This elective course and thesis elective in the spring semester 2015 investigated the ice deserts of the swiss alps.
Prof. Christophe Girot, Johannes Rebsamen, Matthias Vollmer
Michael Beerli, Shalin Bhatt, Altair Cerda-Tirado, Devashree Dvivedi, Andrea Gonzalez-Palos, Camilla Gormsen, Dennis Häusler, Anna Hermann, Viktoriya Maleva, Shailaja Patel, Dhruvil Soni, Jean-Marc Stadelmann
The landscape we live in was originally formed by glaciers, covering the complete surface of Switzerland. This time is long gone, today, their marks are still visible all over this country and it’s surroundings. But with the global warming not only the sea level will rise, but the ice will disappear. To understand todays landscape, we will travel back in time and visit a still existing glacier. We will move close to this colossus of ice and investigate it’s texture and surface, and it’s border with the surroundings. How can the use of different media grasp our viewpoint of this phenomena? What is the best way, to catch the power of a glacier in a picture and how can we expose the changing structure of this ice?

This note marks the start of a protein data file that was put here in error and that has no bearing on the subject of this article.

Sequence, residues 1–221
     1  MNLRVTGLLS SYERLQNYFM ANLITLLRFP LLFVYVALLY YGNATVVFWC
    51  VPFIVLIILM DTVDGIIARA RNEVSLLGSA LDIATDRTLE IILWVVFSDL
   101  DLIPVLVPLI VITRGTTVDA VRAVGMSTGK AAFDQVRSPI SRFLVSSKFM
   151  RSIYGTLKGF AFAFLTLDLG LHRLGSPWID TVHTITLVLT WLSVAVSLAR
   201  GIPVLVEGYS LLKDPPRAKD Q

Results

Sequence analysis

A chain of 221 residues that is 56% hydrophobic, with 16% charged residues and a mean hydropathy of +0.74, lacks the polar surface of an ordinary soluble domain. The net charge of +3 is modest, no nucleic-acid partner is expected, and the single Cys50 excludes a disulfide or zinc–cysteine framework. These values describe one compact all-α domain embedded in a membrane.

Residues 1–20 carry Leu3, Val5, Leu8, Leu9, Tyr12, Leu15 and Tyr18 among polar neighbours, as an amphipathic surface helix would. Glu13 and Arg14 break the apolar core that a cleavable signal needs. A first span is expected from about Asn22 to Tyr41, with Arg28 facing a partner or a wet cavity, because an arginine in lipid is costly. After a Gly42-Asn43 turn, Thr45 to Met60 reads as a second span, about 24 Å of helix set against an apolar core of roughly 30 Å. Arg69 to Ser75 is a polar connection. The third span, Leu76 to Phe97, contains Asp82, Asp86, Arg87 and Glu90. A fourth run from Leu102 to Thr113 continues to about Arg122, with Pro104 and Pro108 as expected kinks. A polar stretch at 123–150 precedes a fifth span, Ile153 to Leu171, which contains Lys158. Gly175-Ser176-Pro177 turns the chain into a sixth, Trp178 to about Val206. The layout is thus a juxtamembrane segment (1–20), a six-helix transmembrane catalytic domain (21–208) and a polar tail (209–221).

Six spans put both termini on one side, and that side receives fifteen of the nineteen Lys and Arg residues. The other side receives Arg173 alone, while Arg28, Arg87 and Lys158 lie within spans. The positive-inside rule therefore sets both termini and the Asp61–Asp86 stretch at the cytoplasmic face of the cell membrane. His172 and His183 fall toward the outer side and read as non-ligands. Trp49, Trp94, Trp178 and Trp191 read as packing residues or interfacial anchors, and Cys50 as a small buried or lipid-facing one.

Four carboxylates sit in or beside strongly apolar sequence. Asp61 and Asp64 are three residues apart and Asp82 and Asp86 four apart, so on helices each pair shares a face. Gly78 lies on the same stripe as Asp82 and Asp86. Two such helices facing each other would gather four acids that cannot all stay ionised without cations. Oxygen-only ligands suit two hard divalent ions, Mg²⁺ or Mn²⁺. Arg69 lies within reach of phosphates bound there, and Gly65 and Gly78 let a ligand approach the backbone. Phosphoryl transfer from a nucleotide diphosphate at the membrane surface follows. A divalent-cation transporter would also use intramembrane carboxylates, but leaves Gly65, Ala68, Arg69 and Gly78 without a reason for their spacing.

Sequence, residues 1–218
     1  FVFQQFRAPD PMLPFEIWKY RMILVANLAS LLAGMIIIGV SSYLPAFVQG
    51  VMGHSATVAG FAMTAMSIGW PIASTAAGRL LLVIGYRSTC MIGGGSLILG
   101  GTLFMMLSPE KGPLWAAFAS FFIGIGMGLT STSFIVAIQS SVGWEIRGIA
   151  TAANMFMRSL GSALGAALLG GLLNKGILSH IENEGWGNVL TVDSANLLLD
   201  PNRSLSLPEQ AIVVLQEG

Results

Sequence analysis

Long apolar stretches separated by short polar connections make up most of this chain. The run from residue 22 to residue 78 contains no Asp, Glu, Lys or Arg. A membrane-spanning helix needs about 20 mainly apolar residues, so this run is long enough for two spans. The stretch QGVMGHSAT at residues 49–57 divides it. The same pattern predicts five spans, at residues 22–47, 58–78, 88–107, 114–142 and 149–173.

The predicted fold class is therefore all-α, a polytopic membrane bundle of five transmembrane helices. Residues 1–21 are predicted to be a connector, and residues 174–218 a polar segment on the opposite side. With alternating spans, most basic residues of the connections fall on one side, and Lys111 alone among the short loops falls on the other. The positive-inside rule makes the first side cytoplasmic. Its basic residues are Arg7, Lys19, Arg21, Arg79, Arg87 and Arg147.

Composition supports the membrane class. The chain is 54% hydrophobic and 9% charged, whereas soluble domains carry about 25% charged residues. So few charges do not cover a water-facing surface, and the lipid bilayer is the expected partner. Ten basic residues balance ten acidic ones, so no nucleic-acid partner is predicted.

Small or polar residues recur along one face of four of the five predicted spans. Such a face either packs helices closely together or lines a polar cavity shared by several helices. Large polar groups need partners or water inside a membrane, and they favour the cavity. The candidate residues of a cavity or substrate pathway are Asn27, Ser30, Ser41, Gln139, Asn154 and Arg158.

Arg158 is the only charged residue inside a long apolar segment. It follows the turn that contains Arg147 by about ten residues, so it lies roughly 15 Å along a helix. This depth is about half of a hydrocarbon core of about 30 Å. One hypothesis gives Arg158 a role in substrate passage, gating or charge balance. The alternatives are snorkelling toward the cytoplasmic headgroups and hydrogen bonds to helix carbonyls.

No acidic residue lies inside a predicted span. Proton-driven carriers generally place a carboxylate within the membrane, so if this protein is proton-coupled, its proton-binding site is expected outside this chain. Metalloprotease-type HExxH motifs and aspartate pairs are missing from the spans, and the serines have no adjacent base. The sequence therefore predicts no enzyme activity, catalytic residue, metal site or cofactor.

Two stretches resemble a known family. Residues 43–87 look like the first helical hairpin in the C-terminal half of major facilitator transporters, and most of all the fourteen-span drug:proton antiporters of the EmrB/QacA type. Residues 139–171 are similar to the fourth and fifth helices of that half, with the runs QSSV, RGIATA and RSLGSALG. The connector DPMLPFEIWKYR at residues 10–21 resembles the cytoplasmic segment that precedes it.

The glacier of Morteratsch will be our experimental field to try out two types of landscape recordings: We will take pictures with an large-format photo camera and develop it’s analog negatives. This will give us an idea, what it means to prepare a good shot without knowing immediately how it turns out. On the other hand, we will make Laser Scans and create a highly precise 3D Modell of our glacier, so we can combine pictures and videos thereafter.
Glacier Morteratsch – March 2015
Student Work: Michael Beerli & Dennis Häusler